This review of My Sister’s Husband by Nicola Marsh was originally written on October 23, 2020.
Real World Meets Frequency Meets Bicentennial Man. Long ago, there was a situation I was very tangentially linked to (I was a classmate of the survivor) where a boy witnessed his brother be murdered in front of him via a shotgun blast meant for the boy. In the movie Frequency, my singular favorite scene is near the end when the dad in the 1960s uses his shotgun to blow off the hand of the bad guy and you see the hand wither to nothing in the present day timeline. And in Bicentennial Man, you follow Robert Williams’ robot character as he lives and loves over the course of two centuries. Literally this morning (as I write this), Catherine Ryan Hyde is using her telescope and camera setup to photograph the known universe, or at least the parts of it she can see from her own small slice of Earth.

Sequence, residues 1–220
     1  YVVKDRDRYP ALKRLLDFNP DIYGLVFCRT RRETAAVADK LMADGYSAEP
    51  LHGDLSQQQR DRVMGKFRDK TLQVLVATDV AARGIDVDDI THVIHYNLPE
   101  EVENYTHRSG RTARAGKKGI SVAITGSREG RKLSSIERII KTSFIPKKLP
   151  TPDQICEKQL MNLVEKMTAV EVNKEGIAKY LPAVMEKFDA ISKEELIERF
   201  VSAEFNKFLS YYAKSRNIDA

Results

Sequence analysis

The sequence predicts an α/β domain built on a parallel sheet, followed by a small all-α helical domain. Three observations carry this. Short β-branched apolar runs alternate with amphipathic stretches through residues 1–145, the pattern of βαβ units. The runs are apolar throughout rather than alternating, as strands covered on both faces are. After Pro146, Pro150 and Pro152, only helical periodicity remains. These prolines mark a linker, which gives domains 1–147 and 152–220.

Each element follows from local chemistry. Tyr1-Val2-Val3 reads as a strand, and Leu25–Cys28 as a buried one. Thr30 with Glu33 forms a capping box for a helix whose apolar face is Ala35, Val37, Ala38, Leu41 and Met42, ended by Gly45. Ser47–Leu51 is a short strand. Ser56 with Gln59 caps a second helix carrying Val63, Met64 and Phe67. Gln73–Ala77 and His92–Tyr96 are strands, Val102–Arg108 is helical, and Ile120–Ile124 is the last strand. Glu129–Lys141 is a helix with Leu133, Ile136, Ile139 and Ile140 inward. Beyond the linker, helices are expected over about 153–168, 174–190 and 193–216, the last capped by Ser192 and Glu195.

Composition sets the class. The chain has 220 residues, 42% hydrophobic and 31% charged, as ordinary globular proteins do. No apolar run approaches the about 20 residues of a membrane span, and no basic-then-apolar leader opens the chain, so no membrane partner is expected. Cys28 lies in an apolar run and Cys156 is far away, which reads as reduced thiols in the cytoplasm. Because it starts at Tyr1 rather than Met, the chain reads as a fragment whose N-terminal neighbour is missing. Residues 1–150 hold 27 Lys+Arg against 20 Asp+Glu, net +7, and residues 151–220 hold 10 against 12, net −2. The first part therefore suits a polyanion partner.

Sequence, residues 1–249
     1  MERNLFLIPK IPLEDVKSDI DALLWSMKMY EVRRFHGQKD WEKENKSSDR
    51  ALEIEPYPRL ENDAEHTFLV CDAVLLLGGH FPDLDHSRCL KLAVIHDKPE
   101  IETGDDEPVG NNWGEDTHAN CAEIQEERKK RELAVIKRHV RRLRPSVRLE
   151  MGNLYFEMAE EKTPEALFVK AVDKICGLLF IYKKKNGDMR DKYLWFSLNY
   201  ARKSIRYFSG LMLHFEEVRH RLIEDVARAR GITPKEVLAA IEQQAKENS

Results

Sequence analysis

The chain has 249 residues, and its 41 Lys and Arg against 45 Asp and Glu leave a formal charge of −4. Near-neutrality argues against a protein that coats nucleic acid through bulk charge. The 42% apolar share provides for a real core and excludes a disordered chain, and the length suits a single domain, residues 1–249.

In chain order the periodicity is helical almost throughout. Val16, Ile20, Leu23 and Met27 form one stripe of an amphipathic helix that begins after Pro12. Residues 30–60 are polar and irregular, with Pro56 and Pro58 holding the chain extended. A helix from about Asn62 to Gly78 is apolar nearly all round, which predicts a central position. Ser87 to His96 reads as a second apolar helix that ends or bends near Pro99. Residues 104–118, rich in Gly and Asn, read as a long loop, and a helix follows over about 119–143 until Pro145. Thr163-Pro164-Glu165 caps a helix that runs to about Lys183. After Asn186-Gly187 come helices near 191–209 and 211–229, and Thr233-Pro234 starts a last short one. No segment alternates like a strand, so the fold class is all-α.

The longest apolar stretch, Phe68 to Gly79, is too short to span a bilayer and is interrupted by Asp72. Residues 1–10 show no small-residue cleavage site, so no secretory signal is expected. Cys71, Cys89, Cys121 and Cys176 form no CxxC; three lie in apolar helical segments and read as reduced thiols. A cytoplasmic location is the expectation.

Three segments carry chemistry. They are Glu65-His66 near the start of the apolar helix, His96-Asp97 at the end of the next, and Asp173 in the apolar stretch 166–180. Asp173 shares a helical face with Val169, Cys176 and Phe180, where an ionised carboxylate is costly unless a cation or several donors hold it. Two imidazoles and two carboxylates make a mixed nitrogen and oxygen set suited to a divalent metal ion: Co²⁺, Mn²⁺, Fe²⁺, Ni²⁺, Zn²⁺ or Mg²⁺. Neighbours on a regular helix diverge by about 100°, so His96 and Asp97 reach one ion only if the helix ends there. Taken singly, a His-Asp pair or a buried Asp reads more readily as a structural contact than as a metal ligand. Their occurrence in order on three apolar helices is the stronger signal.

This book wound up evoking the first three of these for me in that strange place that resides between my ears, and along the way we get a prototypical character-driven Catherine Ryan Hyde novel. It even included a scene that those that know Hyde even via her Facebook page could see playing out in her real life, making it all that much more “real”.
This isn’t an action filled book, it isn’t even really a mystery filled book. This is a solid character driven moving story about two people thrown together in very unlikely circumstances at a particular point in their lives, who turn out to be very rare types of people themselves. It is a powerful yet relatively sedate story very akin to Bicentennial Man itself.
And sometimes, those are exactly the stories we need to hear. Very much recommended.
This review of My Name Is Anton by Catherine Ryan Hyde was originally written on October 21, 2020.